std::atomic_is_lock_free,ATOMIC_xxx_LOCK_FREE (3) - Linux Manuals

std::atomic_is_lock_free,ATOMIC_xxx_LOCK_FREE: std::atomic_is_lock_free,ATOMIC_xxx_LOCK_FREE


std::atomic_is_lock_free,ATOMIC_xxx_LOCK_FREE - std::atomic_is_lock_free,ATOMIC_xxx_LOCK_FREE


Defined in header <atomic>
template< class T >
bool atomic_is_lock_free( const volatile std::atomic<T>* obj ) noexcept;
template< class T >
bool atomic_is_lock_free( const std::atomic<T>* obj ) noexcept;
#define ATOMIC_BOOL_LOCK_FREE /* unspecified */
#define ATOMIC_CHAR_LOCK_FREE /* unspecified */
#define ATOMIC_CHAR16_T_LOCK_FREE /* unspecified */
#define ATOMIC_CHAR32_T_LOCK_FREE /* unspecified */ (1) (since C++11)
#define ATOMIC_WCHAR_T_LOCK_FREE /* unspecified */ (2) (since C++11)
#define ATOMIC_SHORT_LOCK_FREE /* unspecified */
#define ATOMIC_INT_LOCK_FREE /* unspecified */
#define ATOMIC_LONG_LOCK_FREE /* unspecified */
#define ATOMIC_LLONG_LOCK_FREE /* unspecified */
#define ATOMIC_POINTER_LOCK_FREE /* unspecified */
#define ATOMIC_CHAR8_T_LOCK_FREE /* unspecified */ (3) (since C++20)

1) Determines if the atomic object pointed to by obj is implemented lock-free, as if by calling obj->is_lock_free(). In any given program execution, the result of the lock-free query is the same for all pointers of the same type.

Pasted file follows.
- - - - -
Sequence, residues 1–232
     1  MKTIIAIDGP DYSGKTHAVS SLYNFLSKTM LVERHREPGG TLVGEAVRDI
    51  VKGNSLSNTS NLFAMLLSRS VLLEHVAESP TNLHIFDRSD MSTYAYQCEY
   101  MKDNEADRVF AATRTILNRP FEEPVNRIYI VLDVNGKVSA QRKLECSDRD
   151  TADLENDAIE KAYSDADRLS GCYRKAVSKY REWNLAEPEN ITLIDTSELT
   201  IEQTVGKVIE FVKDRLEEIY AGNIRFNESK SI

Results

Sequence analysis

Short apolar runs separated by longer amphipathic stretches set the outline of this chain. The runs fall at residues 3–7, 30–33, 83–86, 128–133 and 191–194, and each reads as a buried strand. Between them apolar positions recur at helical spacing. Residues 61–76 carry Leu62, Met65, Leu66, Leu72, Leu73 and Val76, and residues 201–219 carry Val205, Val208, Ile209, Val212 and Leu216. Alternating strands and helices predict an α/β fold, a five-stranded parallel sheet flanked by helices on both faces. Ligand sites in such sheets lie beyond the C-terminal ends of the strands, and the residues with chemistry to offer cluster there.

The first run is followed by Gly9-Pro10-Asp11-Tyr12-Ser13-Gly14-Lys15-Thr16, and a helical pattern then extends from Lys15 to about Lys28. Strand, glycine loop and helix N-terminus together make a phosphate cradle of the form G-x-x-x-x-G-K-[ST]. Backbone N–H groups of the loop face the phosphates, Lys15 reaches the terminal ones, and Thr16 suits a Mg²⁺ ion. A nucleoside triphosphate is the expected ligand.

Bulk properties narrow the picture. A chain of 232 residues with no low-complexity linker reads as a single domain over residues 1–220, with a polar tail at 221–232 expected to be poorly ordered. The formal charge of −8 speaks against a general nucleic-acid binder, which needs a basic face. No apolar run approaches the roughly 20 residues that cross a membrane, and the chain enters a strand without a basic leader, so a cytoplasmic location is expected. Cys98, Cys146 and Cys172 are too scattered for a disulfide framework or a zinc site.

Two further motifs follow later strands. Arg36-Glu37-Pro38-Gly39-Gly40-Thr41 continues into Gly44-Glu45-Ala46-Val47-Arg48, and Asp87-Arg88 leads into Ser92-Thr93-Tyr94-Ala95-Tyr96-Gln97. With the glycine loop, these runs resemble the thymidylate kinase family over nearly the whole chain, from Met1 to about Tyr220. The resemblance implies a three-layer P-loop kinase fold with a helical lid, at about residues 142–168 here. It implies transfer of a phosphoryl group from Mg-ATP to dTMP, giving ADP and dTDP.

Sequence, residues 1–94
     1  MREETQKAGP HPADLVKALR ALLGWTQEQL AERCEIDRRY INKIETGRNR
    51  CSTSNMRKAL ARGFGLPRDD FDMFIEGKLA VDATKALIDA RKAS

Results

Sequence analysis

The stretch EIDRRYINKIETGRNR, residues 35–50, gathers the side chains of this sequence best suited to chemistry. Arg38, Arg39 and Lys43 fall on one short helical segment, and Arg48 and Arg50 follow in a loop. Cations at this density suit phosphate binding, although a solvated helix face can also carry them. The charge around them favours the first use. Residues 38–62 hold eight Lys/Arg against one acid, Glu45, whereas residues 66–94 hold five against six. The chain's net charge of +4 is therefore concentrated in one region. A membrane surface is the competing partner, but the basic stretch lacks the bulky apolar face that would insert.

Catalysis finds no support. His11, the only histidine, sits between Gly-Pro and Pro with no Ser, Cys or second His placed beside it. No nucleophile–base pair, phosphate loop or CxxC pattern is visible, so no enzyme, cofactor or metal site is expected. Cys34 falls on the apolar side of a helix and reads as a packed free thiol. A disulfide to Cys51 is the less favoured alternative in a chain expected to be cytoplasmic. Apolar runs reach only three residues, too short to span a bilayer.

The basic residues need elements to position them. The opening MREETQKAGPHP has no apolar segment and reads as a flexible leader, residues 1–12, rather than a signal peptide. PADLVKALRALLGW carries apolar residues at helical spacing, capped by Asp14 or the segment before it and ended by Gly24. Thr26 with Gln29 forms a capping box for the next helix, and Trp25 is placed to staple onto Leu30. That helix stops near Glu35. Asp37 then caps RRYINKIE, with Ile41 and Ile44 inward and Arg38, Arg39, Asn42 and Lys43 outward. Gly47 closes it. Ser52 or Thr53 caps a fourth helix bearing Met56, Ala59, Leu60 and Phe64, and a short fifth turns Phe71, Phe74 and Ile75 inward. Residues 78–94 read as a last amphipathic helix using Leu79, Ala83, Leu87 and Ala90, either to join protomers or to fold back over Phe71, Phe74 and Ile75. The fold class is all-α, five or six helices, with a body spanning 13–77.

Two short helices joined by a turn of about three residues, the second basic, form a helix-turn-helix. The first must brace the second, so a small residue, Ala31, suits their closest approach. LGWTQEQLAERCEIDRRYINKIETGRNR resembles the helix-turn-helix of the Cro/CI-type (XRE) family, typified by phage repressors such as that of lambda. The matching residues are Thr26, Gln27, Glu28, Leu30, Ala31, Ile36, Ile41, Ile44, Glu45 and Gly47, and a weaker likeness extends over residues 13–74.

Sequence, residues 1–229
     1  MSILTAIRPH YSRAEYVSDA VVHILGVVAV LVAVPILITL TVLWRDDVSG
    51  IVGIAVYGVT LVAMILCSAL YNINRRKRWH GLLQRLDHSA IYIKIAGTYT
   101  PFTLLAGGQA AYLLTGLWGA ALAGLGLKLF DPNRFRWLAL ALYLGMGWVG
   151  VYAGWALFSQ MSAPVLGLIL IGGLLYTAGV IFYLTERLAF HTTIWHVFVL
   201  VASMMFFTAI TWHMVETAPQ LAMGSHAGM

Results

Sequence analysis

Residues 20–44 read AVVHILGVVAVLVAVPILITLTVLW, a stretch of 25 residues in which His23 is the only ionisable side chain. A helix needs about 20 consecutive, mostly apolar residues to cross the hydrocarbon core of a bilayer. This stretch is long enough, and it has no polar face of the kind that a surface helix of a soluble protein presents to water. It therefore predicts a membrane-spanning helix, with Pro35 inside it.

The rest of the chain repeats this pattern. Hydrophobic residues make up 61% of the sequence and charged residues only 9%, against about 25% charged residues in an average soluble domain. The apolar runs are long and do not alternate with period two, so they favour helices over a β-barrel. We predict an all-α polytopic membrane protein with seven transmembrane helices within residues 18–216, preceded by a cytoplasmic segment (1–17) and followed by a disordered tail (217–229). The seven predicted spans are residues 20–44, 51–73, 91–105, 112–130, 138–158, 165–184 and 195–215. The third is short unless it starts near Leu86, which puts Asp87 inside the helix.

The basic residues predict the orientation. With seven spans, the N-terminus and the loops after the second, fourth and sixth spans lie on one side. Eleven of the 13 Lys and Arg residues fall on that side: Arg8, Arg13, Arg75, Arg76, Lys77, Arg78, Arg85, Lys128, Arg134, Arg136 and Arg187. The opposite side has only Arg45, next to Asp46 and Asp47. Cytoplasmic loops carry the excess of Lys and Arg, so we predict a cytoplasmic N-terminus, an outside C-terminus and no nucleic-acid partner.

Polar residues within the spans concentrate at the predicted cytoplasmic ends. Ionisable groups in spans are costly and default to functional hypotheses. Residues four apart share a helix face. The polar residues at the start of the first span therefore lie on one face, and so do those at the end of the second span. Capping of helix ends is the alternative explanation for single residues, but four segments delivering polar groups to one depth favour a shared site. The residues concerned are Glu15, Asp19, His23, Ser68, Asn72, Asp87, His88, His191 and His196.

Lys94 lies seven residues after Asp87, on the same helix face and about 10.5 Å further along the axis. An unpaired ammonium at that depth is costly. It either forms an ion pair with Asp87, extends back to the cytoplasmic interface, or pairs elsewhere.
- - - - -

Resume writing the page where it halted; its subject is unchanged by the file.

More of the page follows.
2,3) Expands to an integer constant expression with value

* 0 for the built-in atomic types that are never lock-free
* 1 for the built-in atomic types that are sometimes lock-free
* 2 for the built-in atomic types that are always lock-free.


obj - pointer to the atomic object to examine

Return value

true if *obj is a lock-free atomic, false otherwise.


All atomic types except for std::atomic_flag may be implemented using mutexes or other locking operations, rather than using the lock-free atomic CPU instructions. Atomic types are also allowed to be sometimes lock-free: for example, if only some subarchitectures support lock-free atomic access for a given type (such as the CMPXCHG16B instruction on x86-64), whether atomics are lock-free may not be known until runtime.
The C++ standard recommends (but does not require) that lock-free atomic operations are also address-free, that is, suitable for communication between processes using shared memory.


// Run this code

  #include <iostream>
  #include <utility>
  #include <atomic>

  struct A { int a[100]; };
  struct B { int x, y; };
  int main()
      std::atomic<A> a;
      std::atomic<B> b;
      std::cout << std::boolalpha
                << "std::atomic<A> is lock free? "
                << std::atomic_is_lock_free(&a) << '\n'
                << "std::atomic<B> is lock free? "
                << std::atomic_is_lock_free(&b) << '\n';

Possible output:

  std::atomic<A> is lock free? false
  std::atomic<B> is lock free? true

See also

                                          checks if the atomic object is lock-free
is_lock_free (public member function of std::atomic<T>)
                                          specializes atomic operations for std::shared_ptr
std::atomic_is_lock_free(std::shared_ptr) (function template)

atomic_flag the lock-free boolean atomic type

is_always_lock_free indicates that the type is always lock-free
                                          (public static member constant of std::atomic<T>)
[static] (C++17)